Looking to buy a printer? Or replace an old one? With all the advances in technology, the competition between brands has escalated. And so has the challenge of deciding on which printer to get.
To make the search more manageable, I’ve made this little guide that you can use to pick the right printer for your needs.
There are many types of printers, including inkjet, laser, photo, and 3D printers.
Photo printers and 3D printers are quite specific in their functions, so there’s no need to draw a comparison as there’s no place for confusion.
For home or office use, however, there could be too many options on the market.
To narrow down the choices, evaluate your needs, and determine whether you need an inkjet or a laser printer.
Inkjets are the most common type as they’re quite versatile in terms of the media they’re able to print.
Moreover, they can print various types and sizes of paper, including labels, scarp-booking paper, business envelopes, and much more.
They can also print pie charts, essays, coupons, glossy photos, tickets, and receipts –whatever you need.
If you’re going to do diverse printing including photos and graphs on different materials, I’d definitely recommend an inkjet printer.
Laser printers are the best choice for high-volume printing in the quickest possible time with low costs.
If your printing will be limited to texts and documents, there’s none better than a laser printer.
On top of that, printing in black only would save you a ton of money compared to any other printing methods.
When I was new in the world of printers, I would often be tempted by the low up-front price of some printers.
However, as I got more experienced and seasoned, I realized that the actual cost lies in the cost of the consumables you’ll have to buy in the long run.
Not only that but also the money you’ll have to spend on maintenance.
From that moment on, before I judged the “price” of a printer, I’d research things like the duration it would take before my original cartridges run dry, how much I can print with one cartridge, and how much a replacement cartridge will be.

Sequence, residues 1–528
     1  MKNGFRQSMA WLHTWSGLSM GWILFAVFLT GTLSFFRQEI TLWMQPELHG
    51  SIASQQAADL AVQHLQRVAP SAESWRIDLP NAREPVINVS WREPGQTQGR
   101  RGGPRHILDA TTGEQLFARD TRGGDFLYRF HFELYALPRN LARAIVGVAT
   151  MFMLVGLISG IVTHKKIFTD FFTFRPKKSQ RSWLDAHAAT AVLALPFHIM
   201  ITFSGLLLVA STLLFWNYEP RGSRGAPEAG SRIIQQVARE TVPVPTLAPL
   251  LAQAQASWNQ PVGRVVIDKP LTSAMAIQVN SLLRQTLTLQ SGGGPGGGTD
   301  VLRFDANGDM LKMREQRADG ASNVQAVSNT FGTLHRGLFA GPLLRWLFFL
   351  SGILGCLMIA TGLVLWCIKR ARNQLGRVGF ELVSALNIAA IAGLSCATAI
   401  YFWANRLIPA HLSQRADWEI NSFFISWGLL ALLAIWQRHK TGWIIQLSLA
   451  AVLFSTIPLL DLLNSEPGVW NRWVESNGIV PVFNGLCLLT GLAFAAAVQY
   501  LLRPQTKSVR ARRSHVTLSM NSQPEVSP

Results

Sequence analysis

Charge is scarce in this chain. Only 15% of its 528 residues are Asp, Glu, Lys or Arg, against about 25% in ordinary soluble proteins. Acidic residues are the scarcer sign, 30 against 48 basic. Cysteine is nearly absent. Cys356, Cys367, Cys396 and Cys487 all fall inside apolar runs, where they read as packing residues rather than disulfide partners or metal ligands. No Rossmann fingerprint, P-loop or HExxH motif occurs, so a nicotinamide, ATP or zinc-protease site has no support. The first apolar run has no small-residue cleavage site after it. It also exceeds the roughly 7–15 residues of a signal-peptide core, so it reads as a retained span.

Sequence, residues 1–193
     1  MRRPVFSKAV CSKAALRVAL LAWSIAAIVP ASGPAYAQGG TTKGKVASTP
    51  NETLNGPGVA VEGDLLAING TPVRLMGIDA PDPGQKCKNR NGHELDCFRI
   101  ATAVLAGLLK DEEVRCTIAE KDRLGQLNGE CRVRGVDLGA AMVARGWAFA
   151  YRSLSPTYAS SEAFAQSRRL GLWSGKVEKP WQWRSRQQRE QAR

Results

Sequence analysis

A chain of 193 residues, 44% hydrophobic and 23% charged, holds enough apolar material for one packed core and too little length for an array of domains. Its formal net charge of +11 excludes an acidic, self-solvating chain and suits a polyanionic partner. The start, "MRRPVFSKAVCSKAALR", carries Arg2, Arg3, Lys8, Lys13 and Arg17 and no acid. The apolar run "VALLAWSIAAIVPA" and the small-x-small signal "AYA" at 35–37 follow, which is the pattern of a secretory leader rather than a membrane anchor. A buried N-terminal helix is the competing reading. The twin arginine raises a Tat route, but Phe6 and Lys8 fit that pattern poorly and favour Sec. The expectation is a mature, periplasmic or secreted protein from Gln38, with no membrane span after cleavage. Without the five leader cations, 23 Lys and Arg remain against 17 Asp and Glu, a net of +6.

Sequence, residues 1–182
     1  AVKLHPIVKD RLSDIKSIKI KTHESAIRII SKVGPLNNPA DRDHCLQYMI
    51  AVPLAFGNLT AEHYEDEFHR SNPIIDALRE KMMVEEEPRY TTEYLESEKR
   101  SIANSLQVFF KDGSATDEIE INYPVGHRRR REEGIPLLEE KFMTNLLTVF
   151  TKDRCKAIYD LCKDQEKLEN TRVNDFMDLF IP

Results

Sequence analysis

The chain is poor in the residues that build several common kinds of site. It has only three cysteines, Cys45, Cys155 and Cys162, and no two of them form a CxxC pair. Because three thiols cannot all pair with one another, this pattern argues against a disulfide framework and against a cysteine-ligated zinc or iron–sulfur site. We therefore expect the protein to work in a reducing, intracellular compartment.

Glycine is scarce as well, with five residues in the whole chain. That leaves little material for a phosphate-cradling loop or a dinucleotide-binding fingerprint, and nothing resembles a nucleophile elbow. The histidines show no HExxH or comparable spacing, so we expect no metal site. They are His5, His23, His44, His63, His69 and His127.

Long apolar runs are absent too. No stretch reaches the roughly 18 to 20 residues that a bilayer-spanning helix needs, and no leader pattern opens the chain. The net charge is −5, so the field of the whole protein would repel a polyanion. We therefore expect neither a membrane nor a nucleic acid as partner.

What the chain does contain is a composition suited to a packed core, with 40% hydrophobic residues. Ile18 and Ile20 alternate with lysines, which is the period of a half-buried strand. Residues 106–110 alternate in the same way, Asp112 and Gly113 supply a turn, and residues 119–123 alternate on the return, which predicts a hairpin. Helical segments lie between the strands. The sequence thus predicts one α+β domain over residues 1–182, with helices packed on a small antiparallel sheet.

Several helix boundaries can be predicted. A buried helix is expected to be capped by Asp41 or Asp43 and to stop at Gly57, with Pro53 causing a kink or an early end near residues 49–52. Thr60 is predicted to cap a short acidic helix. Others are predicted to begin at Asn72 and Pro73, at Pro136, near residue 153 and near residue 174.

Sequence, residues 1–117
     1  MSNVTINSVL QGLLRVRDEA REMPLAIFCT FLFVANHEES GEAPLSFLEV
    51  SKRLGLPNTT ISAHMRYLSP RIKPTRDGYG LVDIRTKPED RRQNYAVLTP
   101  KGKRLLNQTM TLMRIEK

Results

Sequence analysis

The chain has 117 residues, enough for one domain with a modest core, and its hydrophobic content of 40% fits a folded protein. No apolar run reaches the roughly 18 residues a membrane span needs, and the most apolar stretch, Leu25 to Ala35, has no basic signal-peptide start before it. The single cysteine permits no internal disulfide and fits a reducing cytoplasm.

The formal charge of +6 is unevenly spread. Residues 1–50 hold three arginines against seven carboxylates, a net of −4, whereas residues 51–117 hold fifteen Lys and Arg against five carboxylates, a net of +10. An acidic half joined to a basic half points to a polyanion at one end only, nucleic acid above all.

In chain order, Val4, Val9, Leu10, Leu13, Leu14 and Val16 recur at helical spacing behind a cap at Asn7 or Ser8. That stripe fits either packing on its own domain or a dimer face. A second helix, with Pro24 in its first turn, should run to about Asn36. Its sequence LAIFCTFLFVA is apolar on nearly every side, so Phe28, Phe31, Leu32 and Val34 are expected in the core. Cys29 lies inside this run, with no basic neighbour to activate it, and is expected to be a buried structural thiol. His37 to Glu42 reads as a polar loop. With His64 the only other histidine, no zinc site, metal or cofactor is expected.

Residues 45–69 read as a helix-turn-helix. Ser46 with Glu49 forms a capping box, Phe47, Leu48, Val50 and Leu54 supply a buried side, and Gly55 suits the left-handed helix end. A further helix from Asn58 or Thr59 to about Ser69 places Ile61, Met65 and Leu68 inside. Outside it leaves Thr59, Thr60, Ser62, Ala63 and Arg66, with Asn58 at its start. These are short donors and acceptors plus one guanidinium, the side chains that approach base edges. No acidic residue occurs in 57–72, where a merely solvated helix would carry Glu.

Soon after that, I came to the epiphany that is sometimes buying a more expensive printer with cheaper consumables is more cost-efficient than having it the opposite way around.
You can check out some of the best cost-efficient printers in this article: https://themicro3d.com/best-printer-home-use-with-cheap-ink/
Moreover, I recommend checking out the different ink plans and programs some brands provide their customers.
For example, HP provides an “Instant Ink” program that automatically delivers replacement cartridges once the ink in yours runs low. It also comes with a fixed number of pages for a specific monthly fee.
Epson and Canon have “Ink Tank” models which allow you to fill from small ink bottles to reduce the cost per page of your printer.
Finally, some Brothers printers come with multiple cartridges in the box to spare you the need to buy replacements for some time.
Duplexing or two-sided printing refers to the printer’s capability to print on both sides of the paper in a single go without the user having to flip the page over manually.
It’s a simple feature, but it saves a lot of time and provides the user with more convenience overall.
Nowadays, it’s very common to use internet-based services to print, such as Google Drive, Apple AirPrint, DropBox, Flickr, Facebook, and more.
Moreover, you can print from different devices, including laptops, tablets, and smartphones.
That’s why you should get a printer that can connect to many devices via several means such as USB ports and Wi-Fi to get the most convenience from your unit and facilitate the printing process.
An average printer can print 8.5 x 11-inch papers, but can it handle different media types such as index cards, cardstock, envelopes, or glossy stock?
A 250-sheet tray is good enough to require only one refill per month.
And some printers come with an optional second tray that expands the capacity of your input tray.
The speed of a printer is measured in PPM (Pages per Minute), and it’s an essential aspect that should comply with the International Standards Organization’s (ISO) requirements.
13 to 15 PPM speed for printing in black is acceptable, while 11 to 13 PPM is suitable for color printing.
The resolution of a printer is measured in DPI (Dots per Inch) which basically measured the number of ink dots the printer can spray over an inch.
Naturally, the larger the number of dots, the higher the quality of your prints.
200 to 300 DPI should be good enough for most general tasks.